“So, here I am, a full-fledged fighter of the Territorial Defense Forces. Week 2 of the war, living and sleeping with my machine gun,” relates Vadym Petrasiuk, a journalist with Ukrainska Pravda.
In January 2022, Ukraine’s Defense Ministry announced that it was speeding up the formation of the Territorial Defense Forces. The government planned to build a reserve army of 10,000 regular, full-time troops, with a mobilization potential of 130,000 trained fighters.
The idea of a reserve force has been discussed since Russia’s invasion of Crimea and the Donbas in 2014. Finally, the Territorial Defense Forces were legally established with the entry into effect of the National Resistance Act on January 1, 2022.
Men and women between the ages of 18 and 60 can join the brigade in each region of Ukraine. On February 11, 2022, the planned number of volunteers was increased to 1.5-2 million.
Vadym Petrasiuk, a journalist with Ukrainska Pravda, tells us how he succeeded in joining the Territorial Defense Forces.
Lining up to enlist
Here’s what happened in my sector, but it certainly doesn’t apply to all units.
During the first day of the ongoing Russo-Ukrainian war [it actually started in 2014 but erupted into a full-scale Russian invasion of Ukraine on February 24,2022-Ed], the territorial defense offices were open to everyone. On the second day, there was a line-up, like the long line of people we used to see at the Lenin mausoleum.
Some guys got discouraged and went home; others stood in the cold for six to eight hours, finally received their weapons and stayed.
But, many others managed to weasel their way in through a kind of “bribe”, or “the buddy network”.
I admit that’s the way I managed to sign up. I went to the recruiting office, took my place in line and waited.
In the meantime, I called up my son, who had signed up a few days ago. He came to see me because he wasn’t on duty that day and we had some time to talk about this and that. I told him I really wanted to enlist.
My son pointed to the commander. I approached him and asked directly:
-Will you take me?
He asked me how old I was, frowned, and looked up at the sky:
– I’d rather take younger guys who can run fast… and shoot, of course.
– I have a master’s degree in sports, specializing in shooting, I replied.
The commander looked me up and down silently. Suddenly, an older fellow in a sports suit spoke out loudly:
– If you’re telling the truth, I’ll take you in my group.
So, he gave me a weapon and watched as I trained a bit with a machine gun, gave tips to younger people. Then he put his hand on my shoulder and said, “Okay, you’re in!”
Member of the Territorial Defense Forces
My gun is always with me. We sleep in one bed. We go out together and return home after a day’s service in the freezing weather. The gun is cold and uncomfortable, but it warms up slowly pressed against my body. Heat emanates from my chest, warming it up and returning the warmth to calm me down.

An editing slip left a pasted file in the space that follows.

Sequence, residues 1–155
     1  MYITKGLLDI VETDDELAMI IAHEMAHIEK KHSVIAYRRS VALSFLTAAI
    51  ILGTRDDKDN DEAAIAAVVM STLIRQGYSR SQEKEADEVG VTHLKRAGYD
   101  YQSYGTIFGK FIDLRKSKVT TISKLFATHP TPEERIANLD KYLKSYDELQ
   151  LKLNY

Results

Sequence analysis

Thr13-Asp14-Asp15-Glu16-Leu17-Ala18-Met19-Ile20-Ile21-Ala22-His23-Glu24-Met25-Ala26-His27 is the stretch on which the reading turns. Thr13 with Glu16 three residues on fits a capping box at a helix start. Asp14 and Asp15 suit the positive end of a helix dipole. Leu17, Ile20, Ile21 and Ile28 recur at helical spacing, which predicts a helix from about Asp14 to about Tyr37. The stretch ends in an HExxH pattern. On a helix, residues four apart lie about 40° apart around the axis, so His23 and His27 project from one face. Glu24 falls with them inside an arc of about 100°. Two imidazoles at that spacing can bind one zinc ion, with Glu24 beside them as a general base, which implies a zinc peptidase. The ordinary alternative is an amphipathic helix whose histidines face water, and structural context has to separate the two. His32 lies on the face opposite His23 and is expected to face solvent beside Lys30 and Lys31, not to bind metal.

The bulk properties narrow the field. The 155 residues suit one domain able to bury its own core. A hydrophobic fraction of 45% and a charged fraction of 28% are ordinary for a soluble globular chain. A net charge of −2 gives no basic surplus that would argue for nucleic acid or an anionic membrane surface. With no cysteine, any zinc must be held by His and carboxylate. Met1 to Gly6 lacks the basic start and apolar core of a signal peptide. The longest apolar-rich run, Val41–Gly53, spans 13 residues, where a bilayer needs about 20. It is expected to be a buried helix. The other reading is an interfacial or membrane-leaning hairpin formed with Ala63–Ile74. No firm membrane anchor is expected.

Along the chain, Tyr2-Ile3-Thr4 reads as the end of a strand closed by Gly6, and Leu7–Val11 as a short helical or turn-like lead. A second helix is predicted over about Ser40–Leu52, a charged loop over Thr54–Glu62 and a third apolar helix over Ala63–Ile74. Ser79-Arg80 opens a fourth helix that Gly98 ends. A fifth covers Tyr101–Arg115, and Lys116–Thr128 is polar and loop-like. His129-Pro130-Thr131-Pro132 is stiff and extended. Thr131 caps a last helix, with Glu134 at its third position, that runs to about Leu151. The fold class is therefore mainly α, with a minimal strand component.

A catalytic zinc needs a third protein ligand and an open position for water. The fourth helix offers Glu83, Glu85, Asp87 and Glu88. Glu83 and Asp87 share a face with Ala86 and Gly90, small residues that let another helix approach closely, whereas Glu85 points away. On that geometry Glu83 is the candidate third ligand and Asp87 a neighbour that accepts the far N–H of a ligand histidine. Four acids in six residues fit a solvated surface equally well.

Several friends have asked me how to enlist in the Territorial Defense Force. I asked our commanders.
The standard answer is that they don’t need any more people. But, if you have friends with combat experience, go for it!
I don’t know anybody with combat experience. So, nothing came of that. But, I tell everyone that they’ve stopped recruiting ordinary folk. They need specialists, so you’re welcome if that’s the case!
However, there are many new guys who managed to get in through “a friend of a friend”, through a brother, godfather, etc..
There are a lot of guys from western Ukraine. I talked to Yura from Zakarpattia. He says that there are six of them here, in one of the Kyiv battalions. They arrived in two cars. All of them have some combat experience fighting in eastern Ukraine, in the ATO zone.
The police stopped them at a checkpoint at Bila Tserkva, near Kyiv, and checked their documents. They were suspicious as everyone was fleeing from Kyiv to western Ukraine, and here are these guys looking to reach Kyiv! They examined the military certificates and asked them to wait.
The officials arrived quickly, checked the military certificates again to make sure that they were really war veterans, and offered them a choice – either in a local defense unit or in a military law enforcement unit. Yura told them they’d all served in the military police in the Donbas.
Yura scowled, took his boys aside and said:
“Guys, f**k the military police! This is war, so we don’t wanna be directing traffic, do we!?”
They apologized to the officials and told them they wanted to go to Kyiv. And … the officials gave them a number that they could call as soon as they got to the city.
A “recruiter” was waiting for the group on the outskirts of Kyiv. Today, they’re with me in the same unit.
“There would’ve been no problem enlisting in the Territorial Defense Forces of Zakarpattia. But, we’d be sitting on our asses waiting for those moskali [Russians] to come to our homes?! No way! Our task is to fight them and kick those motherfu***rs out of our country as fast as possible. We can’t just let them waltz into our territory!” said Yura.
Yura’s example, and mine, are a sign of the times. It’s how different people from different regions of Ukraine manage to sign up and go to war. Such “corrupt practices” as the buddy system, gentle bribery, nepotism or cronyism help us get in.
Indeed, that’s how I managed to sign up. I don’t brag about it, I don’t complain and I don’t say that you should do what I did. It’s just another way in.
I’m happy to say that with each passing day large numbers of volunteers of all ages and from all regions of Ukraine are swelling the ranks of the Territorial Defense Forces.
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